A top priority of mine as University president is to expand our current honors program into a full-fledged Honors College.
In September, I named Dr. Abu Kabir Mostofa Sarwar, a professor of earth and environmental science at UNO, director of the University’s honors program. We have set a new direction and are extremely excited.
Dr. Sarwar has been charged with raising funds to endow a certain percentage of the Homer L. Hitt Presidential Scholarships and is going to expand the honors program over time to make it an Honors College. We are still considering the model. I’ll tell you about two types of programs that I have seen work effectively.
I started the honors program at the University of Texas at Tyler, where I served for three years as provost and executive vice president. We collapsed some of the University’s general education core requirements into four-hour courses taught by two faculty members. For example, honors students at UT – Tyler might pursue a four-hour course in English Composition and Political Science. All of their composition writing would be on political issues.
Freshmen and sophomores took one four-hour block taught this way and pursued regular courses for the rest of their studies. Junior year, the honors students selected faculty members in their disciplines to serve as their academic advisers. They studied basic engineering, English and music and worked with select faculty to choose specialized courses in their disciplines. Senior year, the honors students each wrote a thesis under the direction of their faculty advisers. We took 30 students per year into the program and they received full rides at the University.
The Honors College at the University of Southern Mississippi, where I served as dean of the College of Health for four years, is one of the oldest honors colleges in the nation. At Southern Miss, the Honors College is so established that honors college faculty work in almost every department. Students are very close with the faculty members who serve as their advisers. The USM Honors College is almost like a mini-graduate school. The experience is based on Socrates’ theory of one-on-one learning and dialectic method, where inquiry and debate are encouraged.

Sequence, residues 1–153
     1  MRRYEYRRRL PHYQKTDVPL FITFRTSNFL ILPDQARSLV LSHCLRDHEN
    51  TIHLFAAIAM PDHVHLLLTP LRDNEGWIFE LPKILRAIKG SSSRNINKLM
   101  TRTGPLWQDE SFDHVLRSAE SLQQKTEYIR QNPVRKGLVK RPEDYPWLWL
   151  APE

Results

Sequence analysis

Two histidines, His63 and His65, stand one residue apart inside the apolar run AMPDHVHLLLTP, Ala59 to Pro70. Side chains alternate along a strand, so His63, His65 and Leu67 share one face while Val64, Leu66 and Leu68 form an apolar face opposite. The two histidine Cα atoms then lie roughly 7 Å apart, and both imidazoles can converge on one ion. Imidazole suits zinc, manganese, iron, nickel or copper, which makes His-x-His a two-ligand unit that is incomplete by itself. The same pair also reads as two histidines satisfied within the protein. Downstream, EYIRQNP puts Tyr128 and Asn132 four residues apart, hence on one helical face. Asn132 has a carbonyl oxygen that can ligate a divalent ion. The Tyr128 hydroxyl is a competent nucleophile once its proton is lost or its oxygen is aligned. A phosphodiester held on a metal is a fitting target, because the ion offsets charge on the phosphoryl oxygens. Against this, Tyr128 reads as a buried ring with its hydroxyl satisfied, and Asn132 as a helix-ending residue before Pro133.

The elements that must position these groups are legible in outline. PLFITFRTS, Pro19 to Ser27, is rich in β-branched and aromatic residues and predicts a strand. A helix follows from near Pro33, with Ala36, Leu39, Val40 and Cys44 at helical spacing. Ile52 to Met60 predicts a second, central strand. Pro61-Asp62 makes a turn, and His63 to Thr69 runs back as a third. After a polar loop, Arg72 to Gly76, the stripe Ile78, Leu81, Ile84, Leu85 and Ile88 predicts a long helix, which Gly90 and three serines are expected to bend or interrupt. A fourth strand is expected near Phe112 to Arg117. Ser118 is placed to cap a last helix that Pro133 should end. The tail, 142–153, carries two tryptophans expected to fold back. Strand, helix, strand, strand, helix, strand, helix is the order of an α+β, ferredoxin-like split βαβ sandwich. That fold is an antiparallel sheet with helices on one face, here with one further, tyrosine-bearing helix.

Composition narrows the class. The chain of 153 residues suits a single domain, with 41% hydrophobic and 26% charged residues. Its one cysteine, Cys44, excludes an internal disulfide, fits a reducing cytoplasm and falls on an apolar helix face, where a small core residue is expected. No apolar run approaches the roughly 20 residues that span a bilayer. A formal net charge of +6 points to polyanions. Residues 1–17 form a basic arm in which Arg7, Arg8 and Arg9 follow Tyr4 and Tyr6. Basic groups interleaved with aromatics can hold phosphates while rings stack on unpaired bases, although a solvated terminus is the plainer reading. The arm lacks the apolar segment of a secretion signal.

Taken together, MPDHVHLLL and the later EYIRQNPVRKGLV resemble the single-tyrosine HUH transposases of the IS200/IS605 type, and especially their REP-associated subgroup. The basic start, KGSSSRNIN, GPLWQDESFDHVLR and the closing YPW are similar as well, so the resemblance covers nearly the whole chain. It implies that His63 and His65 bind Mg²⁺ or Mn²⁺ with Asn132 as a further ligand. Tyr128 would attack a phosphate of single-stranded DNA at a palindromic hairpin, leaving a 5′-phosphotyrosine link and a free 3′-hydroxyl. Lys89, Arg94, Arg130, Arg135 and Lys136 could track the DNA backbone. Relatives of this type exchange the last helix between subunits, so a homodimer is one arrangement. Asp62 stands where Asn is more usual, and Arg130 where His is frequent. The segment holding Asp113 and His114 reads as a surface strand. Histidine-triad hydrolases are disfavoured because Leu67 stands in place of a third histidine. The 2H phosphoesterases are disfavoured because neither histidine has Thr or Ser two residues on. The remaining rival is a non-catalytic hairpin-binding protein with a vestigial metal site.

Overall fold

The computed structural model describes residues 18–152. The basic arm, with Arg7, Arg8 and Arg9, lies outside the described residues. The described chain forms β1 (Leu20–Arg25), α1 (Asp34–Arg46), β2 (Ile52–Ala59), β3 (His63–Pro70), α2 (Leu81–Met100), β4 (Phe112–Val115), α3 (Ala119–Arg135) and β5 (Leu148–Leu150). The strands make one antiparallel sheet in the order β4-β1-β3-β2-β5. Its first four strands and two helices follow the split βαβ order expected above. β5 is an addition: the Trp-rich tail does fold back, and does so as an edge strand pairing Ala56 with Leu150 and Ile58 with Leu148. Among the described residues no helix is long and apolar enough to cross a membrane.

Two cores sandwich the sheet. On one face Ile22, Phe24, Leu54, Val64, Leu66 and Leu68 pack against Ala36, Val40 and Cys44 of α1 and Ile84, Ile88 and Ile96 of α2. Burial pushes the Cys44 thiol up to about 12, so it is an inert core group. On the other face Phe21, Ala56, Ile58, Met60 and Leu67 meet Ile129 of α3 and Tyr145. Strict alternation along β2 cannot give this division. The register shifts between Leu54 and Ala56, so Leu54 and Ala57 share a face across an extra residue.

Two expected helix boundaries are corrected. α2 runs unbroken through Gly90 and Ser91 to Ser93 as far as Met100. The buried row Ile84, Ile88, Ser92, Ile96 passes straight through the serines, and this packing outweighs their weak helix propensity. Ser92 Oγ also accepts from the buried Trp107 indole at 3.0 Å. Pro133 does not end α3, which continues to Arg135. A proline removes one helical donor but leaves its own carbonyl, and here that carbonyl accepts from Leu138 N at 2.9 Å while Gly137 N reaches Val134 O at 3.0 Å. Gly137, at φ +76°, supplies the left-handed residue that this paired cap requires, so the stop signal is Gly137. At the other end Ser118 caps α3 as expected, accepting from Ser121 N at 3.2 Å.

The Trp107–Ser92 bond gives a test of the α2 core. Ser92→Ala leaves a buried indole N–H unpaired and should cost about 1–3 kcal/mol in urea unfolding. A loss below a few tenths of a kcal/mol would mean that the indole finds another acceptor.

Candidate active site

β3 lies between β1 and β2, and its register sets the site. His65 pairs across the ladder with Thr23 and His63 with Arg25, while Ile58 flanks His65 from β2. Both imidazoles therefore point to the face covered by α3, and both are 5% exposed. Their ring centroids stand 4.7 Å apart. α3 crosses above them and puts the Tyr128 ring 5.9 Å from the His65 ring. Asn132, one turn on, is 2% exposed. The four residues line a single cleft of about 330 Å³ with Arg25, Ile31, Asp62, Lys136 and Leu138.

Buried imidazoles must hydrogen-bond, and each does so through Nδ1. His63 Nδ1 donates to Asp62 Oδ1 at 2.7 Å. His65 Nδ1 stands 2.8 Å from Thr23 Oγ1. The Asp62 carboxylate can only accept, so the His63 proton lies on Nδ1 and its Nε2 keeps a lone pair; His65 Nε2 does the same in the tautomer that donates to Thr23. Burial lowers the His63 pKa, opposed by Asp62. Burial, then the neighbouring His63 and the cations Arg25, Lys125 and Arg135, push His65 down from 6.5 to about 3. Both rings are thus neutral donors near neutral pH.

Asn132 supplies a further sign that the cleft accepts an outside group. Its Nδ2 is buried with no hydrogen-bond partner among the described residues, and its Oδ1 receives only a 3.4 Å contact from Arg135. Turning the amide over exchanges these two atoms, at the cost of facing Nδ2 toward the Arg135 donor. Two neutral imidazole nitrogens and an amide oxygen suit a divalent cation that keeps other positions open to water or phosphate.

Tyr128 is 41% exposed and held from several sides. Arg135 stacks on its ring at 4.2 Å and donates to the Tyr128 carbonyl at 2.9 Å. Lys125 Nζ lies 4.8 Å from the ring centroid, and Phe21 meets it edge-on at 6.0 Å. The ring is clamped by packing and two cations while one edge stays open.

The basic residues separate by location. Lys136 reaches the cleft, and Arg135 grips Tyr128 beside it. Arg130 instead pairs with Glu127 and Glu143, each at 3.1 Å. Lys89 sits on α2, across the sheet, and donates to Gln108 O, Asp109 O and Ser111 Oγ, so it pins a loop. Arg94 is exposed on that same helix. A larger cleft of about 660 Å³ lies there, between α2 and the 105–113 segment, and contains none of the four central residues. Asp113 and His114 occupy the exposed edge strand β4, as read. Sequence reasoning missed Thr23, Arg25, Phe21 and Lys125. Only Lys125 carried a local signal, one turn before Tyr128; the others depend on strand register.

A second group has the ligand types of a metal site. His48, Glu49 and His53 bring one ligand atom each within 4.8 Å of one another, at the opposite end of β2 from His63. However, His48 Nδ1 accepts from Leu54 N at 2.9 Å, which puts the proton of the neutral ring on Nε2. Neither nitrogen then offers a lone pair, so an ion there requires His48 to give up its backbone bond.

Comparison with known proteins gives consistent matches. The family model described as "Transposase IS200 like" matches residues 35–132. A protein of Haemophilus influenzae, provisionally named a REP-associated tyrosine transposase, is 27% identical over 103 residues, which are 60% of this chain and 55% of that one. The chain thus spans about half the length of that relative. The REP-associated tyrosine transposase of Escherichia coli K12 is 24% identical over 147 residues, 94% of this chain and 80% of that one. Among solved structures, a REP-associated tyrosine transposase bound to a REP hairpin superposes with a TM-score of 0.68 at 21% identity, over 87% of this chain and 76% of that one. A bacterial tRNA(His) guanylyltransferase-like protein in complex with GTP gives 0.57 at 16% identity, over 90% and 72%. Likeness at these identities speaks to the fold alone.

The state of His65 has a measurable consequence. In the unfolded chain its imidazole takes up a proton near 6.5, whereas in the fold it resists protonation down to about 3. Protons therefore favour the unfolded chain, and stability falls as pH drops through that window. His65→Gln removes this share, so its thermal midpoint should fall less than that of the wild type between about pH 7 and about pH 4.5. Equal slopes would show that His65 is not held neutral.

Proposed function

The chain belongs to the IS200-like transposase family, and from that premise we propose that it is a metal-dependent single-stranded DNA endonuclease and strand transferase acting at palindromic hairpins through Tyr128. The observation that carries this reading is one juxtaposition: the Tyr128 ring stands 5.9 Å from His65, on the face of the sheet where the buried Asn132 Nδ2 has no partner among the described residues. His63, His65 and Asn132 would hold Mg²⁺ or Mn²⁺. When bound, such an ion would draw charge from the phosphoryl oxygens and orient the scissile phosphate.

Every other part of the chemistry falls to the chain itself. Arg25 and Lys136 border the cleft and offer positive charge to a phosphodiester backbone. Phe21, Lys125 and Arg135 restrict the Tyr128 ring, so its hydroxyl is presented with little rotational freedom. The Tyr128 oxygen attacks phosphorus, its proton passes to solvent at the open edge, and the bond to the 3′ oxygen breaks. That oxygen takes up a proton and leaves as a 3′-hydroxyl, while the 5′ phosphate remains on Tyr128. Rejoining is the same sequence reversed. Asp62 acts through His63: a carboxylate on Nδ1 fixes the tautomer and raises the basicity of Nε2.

Honors Colleges have all sorts of positive effects. The idea behind them is that students who perform well are invited to join the University’s Honors College, which gives the Honors College a certain status. The Honors College can also provide motivation to students already enrolled at the University who are doing well. If you’re midway through college and achieving high grades, an invitation to join the Honors College is welcome recognition.
My aim is to create a rigorous, strenuous program at UNO that will require all participating students to complete a thesis. The national Council on Undergraduate Research has explored the success of students who complete theses as undergraduates and found that those students are much better students in graduate school. These students have already developed many of the skills and the confidence they need to excel.
At the University of Texas at Tyler, Honors College students must pursue a research methods course, a high-level research course designed to help them learn how to examine literature and discover new knowledge. At USM, Honors College faculty publish their sessions so that other students can see what they’re doing.
At Tyler, we also had a speaker series designed especially for honors students. One speaker, for example, was Steve Lopez, who wrote The Soloist. He had dinner with the honors students and they talked about journalism, how he looked for evidence for his stories, how he developed a relationship with the violinist he wrote about and other interesting details. Meeting people who have achieved great success in their fields is part of the students’ education and helps them form aspirations.
Our plans here are still in early development but we hope to get the University of New Orleans Honors College up and running within the next five years. In Dr. Sarwar, we have a faculty member who really, really wants to do the job. He has already attained $20,000 in scholarship funding to get the program started.
For us to get the Honors College going, we will need about 35 students per year really working hard and building it up. We are looking forward to welcoming current and future Privateers.